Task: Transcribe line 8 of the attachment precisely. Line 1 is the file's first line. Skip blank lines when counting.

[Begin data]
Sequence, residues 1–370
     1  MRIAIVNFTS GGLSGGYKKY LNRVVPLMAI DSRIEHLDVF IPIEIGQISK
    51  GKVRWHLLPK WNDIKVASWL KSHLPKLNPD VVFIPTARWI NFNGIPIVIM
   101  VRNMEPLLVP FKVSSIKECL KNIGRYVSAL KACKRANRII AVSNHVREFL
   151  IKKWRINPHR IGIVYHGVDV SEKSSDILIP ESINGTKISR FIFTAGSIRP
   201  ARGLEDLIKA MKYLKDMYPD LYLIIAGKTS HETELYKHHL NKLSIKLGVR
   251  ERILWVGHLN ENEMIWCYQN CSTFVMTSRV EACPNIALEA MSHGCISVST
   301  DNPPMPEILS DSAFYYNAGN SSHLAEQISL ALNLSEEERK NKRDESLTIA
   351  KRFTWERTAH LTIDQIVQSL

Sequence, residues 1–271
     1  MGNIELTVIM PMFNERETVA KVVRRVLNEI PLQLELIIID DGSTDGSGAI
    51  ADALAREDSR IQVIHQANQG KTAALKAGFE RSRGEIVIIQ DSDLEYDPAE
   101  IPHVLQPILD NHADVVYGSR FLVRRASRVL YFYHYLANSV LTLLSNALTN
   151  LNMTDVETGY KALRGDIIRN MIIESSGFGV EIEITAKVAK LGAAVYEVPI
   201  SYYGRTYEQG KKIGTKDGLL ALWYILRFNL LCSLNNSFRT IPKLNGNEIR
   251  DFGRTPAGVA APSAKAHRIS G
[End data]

   301  DNPPMPEILS DSAFYYNAGN SSHLAEQISL ALNLSEEERK NKRDESLTIA